By Catherine McGloin
More Than Words, a nonprofit bookseller based in Boston’s South End, won eBay’s Small Business of the Year Award earlier this month, beating 1,600 other retailers across the country to win the $15,000 prize.
But for the social enterprise — which runs an employment and training program for youth who are involved with social services, the court system, or who are homeless or not in school — the award means more than simply a cash injection.
“It’s probably the most special thing I’ve done in my life and career,” said Shaun Newell, chief of social enterprise at More Than Words, who attended the Shine Awards ceremony in Las Vegas.
“That brought me to my knees and made me cry a bit,” said Newell, who grew up in the child services system in Maine and has been working More Than Words for nine years.
“It’s that emotional to see it happen like that. To know that everything you believed in, everything you put through it, it culminates in that one 15-minute acceptance, is pretty damn special,” said Newell. “I won’t replace it in my professional career probably. It’s that special.”
More Than Words runs an academy-style employment program for youth aged 16-24. They coach them in professional and personal skills, like customer service, communications and inventory management, that will enable them to succeed in the workplace.
Jon Luc, a 20-year-old from Roslindale, was referred to More Than Words by his social worker in April after he dropped out of Suffolk University with financial difficulties and mental health issues. After working as an associate and being promoted to partner at the South End store, Jon Luc says he is ready to return to his studies and plans to pursue an online degree in communications and marketing from Southern New Hampshire University this fall.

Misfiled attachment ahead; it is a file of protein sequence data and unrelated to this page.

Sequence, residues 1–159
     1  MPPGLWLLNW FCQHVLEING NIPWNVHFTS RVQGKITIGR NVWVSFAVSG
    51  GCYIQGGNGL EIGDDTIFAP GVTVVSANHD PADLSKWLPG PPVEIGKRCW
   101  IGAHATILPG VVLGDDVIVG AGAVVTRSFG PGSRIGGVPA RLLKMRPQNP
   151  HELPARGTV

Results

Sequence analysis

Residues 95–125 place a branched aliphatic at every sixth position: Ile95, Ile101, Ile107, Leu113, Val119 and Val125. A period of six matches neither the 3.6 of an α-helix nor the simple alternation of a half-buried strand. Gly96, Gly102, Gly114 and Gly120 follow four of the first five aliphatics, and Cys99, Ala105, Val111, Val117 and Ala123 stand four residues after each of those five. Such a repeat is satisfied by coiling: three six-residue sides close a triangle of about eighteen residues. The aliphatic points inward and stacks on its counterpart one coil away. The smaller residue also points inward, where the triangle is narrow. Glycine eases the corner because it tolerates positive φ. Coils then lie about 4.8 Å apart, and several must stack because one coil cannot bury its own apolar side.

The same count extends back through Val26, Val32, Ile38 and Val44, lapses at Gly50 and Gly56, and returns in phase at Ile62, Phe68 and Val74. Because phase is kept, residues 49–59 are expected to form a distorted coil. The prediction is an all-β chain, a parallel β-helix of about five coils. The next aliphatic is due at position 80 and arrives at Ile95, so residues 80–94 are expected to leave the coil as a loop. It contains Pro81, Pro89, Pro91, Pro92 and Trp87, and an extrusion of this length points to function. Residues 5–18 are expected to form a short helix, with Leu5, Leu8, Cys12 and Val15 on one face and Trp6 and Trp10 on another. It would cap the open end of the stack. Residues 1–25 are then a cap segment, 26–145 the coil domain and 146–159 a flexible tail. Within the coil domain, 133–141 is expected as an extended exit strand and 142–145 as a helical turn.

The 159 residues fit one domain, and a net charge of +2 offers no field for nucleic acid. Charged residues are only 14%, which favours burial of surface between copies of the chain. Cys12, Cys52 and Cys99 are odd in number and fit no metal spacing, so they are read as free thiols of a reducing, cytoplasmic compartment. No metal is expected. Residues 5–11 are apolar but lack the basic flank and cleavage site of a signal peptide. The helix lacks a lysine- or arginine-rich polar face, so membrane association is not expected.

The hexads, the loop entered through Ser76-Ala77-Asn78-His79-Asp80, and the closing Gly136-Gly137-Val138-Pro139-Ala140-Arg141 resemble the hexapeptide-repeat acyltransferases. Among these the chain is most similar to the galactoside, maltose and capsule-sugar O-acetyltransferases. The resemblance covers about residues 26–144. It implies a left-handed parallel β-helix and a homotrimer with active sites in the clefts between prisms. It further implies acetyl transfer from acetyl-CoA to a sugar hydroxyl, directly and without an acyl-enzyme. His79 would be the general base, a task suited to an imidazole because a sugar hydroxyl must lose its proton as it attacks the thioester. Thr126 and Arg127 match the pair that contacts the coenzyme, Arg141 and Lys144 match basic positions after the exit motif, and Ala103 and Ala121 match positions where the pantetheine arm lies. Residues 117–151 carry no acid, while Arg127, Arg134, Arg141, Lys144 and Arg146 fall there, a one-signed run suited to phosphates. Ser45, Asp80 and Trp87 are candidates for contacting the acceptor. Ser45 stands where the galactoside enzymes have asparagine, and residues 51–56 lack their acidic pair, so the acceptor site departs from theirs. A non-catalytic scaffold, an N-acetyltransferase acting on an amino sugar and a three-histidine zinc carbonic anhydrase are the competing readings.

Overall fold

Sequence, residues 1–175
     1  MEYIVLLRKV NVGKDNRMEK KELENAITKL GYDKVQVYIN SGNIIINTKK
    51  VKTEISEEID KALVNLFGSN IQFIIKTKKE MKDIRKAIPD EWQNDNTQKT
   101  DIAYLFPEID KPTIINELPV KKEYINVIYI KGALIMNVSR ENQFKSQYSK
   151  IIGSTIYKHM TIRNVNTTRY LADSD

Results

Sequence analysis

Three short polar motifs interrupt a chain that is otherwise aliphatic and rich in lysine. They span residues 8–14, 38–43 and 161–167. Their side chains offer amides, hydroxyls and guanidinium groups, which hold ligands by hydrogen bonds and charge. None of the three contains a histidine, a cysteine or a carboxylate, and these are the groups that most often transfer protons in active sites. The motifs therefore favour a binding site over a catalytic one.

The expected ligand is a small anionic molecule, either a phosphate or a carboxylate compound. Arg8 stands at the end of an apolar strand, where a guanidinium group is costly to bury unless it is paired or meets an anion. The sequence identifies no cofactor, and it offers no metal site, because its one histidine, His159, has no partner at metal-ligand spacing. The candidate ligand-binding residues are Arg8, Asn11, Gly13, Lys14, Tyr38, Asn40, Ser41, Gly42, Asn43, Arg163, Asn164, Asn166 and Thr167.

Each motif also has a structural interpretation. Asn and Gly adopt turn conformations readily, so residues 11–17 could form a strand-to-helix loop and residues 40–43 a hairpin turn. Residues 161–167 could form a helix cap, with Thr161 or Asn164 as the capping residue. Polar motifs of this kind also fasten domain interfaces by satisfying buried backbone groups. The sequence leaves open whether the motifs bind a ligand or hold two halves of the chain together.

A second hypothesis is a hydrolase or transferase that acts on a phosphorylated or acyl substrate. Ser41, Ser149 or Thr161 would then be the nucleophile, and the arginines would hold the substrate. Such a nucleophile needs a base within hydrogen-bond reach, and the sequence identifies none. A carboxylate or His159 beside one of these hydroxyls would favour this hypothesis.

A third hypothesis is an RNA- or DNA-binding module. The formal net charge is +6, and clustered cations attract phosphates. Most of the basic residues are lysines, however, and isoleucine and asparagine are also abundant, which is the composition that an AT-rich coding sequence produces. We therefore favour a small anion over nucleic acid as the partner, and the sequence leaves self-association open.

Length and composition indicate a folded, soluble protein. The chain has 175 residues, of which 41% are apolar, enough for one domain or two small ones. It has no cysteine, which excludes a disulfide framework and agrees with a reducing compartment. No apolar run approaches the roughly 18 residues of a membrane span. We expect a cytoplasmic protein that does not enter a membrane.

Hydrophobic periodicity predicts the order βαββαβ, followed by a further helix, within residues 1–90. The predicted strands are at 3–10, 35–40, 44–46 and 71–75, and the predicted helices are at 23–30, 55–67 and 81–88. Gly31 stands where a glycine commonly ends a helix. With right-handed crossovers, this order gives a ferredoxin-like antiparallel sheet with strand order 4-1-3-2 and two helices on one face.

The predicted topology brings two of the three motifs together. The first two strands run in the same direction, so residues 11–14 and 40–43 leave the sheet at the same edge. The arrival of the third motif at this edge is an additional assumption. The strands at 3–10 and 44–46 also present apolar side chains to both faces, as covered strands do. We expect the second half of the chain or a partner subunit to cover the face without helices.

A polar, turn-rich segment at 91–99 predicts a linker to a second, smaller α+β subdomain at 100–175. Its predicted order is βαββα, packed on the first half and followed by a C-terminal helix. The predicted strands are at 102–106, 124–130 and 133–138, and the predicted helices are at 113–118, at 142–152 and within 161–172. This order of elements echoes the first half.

“I really don’t know what I would do without More Than Words,” said Jon Luc, introduced only by his first name because More Than Words adheres to a policy of public anonymity in order to protect the identity of their youth employees.
“It basically got me back on my feet, connected me with other young people. I made some friendships, reduced my student loans, just basically all of the problems I was dealing with,” said Jon Luc, “and it improved my mental health to have a steady paying job, to have a reason to get up in the morning.”
Jodi Rosenbaum, the CEO of More Than Words, has led the company since 2004, when it operated out of a small basement in Waltham and conducted the majority of its business through online retailers like eBay and Amazon.
Last year, they opened their storefront on East Berkeley Street in Boston, and now report almost $4 million in annual revenue. The books they sell are all donated — they receive more than four million every year from around Massachusetts — and they have over 140,000 titles available for purchase online.
When the award application from eBay first landed in their inbox earlier this year, staff said they applied for the prize on a whim but did not believe they had a high chance of winning.
“It was very random,” Newell said. “It was really like throwing darts in the dark whether you got it because there were 1,600 other applicants.”
The $15,000 prize money will go to funding business operations, Newell said. Luc wants a new elevator, or a water fountain for the store where he spends a lot of time developing eye-catching displays to tempt in customers.
eBay also awarded them $10,000 to donate to a charity of their choice. More Than Words plans to give this cash to Sky’s The Limit, a California-based nonprofit that helps underrepresented youth start their own businesses.
Newell hopes that the award will bring more attention to More Than Words’ work so that others will be inspired to create similar organizations around the country.
“If other individual organizations come and learn what we’re doing here and bring it to their communities and their cities, I think that’s the best thing that could happen to us,” he said.